In an almost last-minute decision, strings were pulled, favors were called in, nouns were verbed, and I found my passport, which means it's time to head across the border for the 2009 Just For Laughs comedy festival in Montreal. Sure, talk to any member of the show business industry who has been around since Just For Laughs first took over this French-speaking Canadian city more than a quarter-century ago, and they'll be quick to tell you that the festival isn't what it once was. It's bigger, and yet not so big that comedians can return to the States with their dreams and pockets filled with six-figure development deals from the TV networks. No, times are different. We have the Internets now!
As I get ready to make the journey north once more, here are a few of the things I'm looking forward to seeing, following and preparing for over the next four days and nights.
1. Learning what the heck Zoofest is, once and for all. It's not part of Just For Laughs, but then again, it is. It's just the edgier shows? The shows with animals? I really don't know.
2. Seeing the industry hype machine in full effect, in both its most artificial and organic ways. Last year, I saw firsthand as NYC-based stand-up Sean Patton emerged from the "New Faces" showcase specifically because to the industry, he was a new face that they hadn't seen or heard from before, and they liked what they saw and heard. I've also read some silly things in the trades about certain comedians each year who got "buzz" and, having seen those comics, firmly believe that the trades sometimes get hoodwinked by the "buzz" comedians and their managers and agents who manufacture said buzz.
3. Speaking of which, that "buzz" machine also serves as a sad reminder of Michael Roof, aka "Chicken," the comedian who became infamous for scoring the last big TV development deal out of Montreal (the WB built a sketch show around him), only to find his career and life unravel. He took his own life last month.
4. What is Broken Lizard up to now? The sketch group made a big splash with their first independent film at Sundance, and followed up Super Troopers with a few more films, including Club Dread and Beerfest. They'll be performing new live sketches, taking questions and showing off their new movie, The Slammin' Salmon.
Comedy Central is promoting its new season of half-hour Comedy Central Presents specials by asking its participating comedians with whom they are feuding. Here, Michael Showalter playfully takes on Human Giant for not recognizing The State as their greatest comedic influence.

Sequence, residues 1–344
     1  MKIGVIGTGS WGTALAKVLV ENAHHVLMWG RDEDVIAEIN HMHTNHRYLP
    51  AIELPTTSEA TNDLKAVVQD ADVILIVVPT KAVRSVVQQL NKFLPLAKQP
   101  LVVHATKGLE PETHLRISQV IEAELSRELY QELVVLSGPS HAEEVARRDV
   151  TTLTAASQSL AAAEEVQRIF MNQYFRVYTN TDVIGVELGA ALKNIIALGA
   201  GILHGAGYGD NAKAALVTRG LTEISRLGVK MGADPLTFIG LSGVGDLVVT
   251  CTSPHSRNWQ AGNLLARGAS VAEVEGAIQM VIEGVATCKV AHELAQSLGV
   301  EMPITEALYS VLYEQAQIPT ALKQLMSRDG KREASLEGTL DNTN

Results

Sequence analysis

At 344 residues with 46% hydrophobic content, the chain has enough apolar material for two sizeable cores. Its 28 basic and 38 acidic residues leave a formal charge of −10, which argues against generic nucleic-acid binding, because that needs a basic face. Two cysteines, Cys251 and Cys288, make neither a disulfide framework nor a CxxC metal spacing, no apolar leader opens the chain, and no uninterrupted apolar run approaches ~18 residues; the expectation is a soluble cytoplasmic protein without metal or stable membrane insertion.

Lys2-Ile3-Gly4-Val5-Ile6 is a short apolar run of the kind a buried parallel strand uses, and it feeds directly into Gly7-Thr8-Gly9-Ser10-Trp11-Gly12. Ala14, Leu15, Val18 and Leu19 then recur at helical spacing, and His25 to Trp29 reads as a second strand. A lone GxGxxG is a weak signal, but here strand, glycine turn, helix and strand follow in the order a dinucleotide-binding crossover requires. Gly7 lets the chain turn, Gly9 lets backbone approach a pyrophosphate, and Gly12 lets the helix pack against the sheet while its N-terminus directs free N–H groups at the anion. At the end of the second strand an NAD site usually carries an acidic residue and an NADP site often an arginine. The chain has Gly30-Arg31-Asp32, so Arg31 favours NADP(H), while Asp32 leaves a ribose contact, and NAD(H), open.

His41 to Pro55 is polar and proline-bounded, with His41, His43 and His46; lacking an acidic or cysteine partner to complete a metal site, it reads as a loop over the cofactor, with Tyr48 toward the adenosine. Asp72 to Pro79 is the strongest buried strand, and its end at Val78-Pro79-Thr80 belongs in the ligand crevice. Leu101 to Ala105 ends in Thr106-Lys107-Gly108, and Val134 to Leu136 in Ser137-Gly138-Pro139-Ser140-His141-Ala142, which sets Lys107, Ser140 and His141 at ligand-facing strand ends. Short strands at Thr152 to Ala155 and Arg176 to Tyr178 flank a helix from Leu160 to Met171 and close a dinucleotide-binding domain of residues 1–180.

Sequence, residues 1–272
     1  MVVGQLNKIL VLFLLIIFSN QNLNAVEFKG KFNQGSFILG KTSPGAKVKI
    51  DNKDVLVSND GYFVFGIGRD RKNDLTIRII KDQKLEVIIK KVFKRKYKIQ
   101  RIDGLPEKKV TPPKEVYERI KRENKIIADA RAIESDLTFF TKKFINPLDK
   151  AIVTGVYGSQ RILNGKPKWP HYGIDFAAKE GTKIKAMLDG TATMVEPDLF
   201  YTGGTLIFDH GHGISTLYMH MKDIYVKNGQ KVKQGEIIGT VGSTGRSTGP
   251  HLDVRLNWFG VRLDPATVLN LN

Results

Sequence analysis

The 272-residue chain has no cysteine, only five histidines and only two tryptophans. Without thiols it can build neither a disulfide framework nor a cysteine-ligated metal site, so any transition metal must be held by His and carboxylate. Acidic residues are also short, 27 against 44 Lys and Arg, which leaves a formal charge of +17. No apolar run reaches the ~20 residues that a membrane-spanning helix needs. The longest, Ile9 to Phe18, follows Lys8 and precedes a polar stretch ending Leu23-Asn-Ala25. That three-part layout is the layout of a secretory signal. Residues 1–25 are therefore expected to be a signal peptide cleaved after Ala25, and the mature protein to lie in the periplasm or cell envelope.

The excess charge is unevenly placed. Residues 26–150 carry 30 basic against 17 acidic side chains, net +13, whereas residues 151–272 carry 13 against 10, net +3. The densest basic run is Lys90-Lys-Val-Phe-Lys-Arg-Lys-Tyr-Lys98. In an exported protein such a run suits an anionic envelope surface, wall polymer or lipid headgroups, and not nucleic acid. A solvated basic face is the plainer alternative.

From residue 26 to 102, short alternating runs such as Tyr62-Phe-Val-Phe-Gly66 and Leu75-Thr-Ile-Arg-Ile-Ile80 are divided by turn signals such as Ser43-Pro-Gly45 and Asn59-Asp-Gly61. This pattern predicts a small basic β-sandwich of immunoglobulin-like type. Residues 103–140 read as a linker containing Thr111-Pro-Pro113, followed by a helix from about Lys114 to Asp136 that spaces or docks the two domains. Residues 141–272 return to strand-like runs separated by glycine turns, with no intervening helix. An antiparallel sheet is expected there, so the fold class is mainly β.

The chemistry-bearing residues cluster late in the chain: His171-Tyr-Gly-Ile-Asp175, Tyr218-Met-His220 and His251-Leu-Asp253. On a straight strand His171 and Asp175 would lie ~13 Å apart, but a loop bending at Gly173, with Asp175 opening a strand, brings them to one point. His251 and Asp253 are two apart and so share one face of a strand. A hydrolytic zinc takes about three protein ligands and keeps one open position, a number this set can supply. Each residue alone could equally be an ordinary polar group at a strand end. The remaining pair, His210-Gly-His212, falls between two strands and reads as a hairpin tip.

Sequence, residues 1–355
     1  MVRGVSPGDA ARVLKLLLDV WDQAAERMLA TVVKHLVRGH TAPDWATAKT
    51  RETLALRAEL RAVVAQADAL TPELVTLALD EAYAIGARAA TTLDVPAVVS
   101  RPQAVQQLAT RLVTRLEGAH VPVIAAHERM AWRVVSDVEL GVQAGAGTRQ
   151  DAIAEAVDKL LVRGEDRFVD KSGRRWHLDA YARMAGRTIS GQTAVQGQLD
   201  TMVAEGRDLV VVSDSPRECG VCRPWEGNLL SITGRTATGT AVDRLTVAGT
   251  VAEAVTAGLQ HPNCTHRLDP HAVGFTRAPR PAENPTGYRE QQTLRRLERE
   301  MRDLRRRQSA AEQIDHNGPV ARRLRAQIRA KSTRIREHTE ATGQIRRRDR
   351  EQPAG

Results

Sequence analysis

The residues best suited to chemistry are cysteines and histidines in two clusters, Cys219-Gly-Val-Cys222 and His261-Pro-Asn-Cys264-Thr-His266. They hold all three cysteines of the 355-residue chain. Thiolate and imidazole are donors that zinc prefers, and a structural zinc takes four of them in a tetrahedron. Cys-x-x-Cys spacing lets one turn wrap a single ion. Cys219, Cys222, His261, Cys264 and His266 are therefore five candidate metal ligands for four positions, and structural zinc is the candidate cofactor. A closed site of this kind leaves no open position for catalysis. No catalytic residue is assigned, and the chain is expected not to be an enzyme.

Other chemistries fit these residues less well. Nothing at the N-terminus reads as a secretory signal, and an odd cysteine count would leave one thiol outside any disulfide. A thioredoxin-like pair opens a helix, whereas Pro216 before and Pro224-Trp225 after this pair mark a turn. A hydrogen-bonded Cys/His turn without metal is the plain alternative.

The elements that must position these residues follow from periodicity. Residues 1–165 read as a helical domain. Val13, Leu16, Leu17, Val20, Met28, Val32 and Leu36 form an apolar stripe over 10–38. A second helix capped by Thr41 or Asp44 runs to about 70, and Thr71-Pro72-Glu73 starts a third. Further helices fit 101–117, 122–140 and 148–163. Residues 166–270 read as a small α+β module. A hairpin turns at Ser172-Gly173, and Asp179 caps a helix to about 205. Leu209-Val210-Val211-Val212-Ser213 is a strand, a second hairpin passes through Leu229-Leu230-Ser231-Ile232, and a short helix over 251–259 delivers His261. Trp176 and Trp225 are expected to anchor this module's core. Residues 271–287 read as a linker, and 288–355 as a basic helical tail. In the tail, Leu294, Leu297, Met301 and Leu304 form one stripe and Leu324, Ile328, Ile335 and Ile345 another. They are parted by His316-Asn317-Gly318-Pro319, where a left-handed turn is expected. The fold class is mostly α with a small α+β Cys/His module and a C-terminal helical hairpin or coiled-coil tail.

In jest, perhaps. But Showalter sure doesn't take all comparisons of comedy troupes quite as lightly. Back in July, Showalter hosted the first anniversary party for Union Hall in Park Slope, Brooklyn, with a bill that included Eugene Mirman, Todd Barry, Janeane Garofalo and David Cross. Things were fun and dandy until Garofalo got sidetracked during her set (surprised?) and started talking about how she'd watched the movie Beerfest the night before and was laughing out loud (for real, an actual instance of LOL). "I didn't understand the Broken Lizard thing until Beerfest," Garofalo said. She then wondered if that's perhaps that's why Stella didn't succeed on Comedy Central. Perhaps you need to know the guys to laugh at their jokes. That was her premise. She moved on to Tony Snow's cancer, her best friend, her sleeping and TV viewing habits, touring with Henry Rollins, and other matters.
When Showalter returned to the stage, he called Garofalo out on comparing Stella to Broken Lizard. Garofalo reminded him that Wet Hot American Summer (very much a State/Stella production that also featured Garofalo) and Super Troopers (the first Broken Lizard comedy film) debuted together at Sundance. That didn't make Showalter feel any better about it. "I'm not angry. I'm hungry," Showalter said. Then he added: "To me, comparing Stella to Broken Lizard is like comparing The Police to White Tiger. But that's just me. So fuck Broken Lizard's butt." Garofalo insisted that perhaps Showalter wasn't giving them enough of a chance, saying that their comedy may be funnier for audiences who already know and understand what they're about.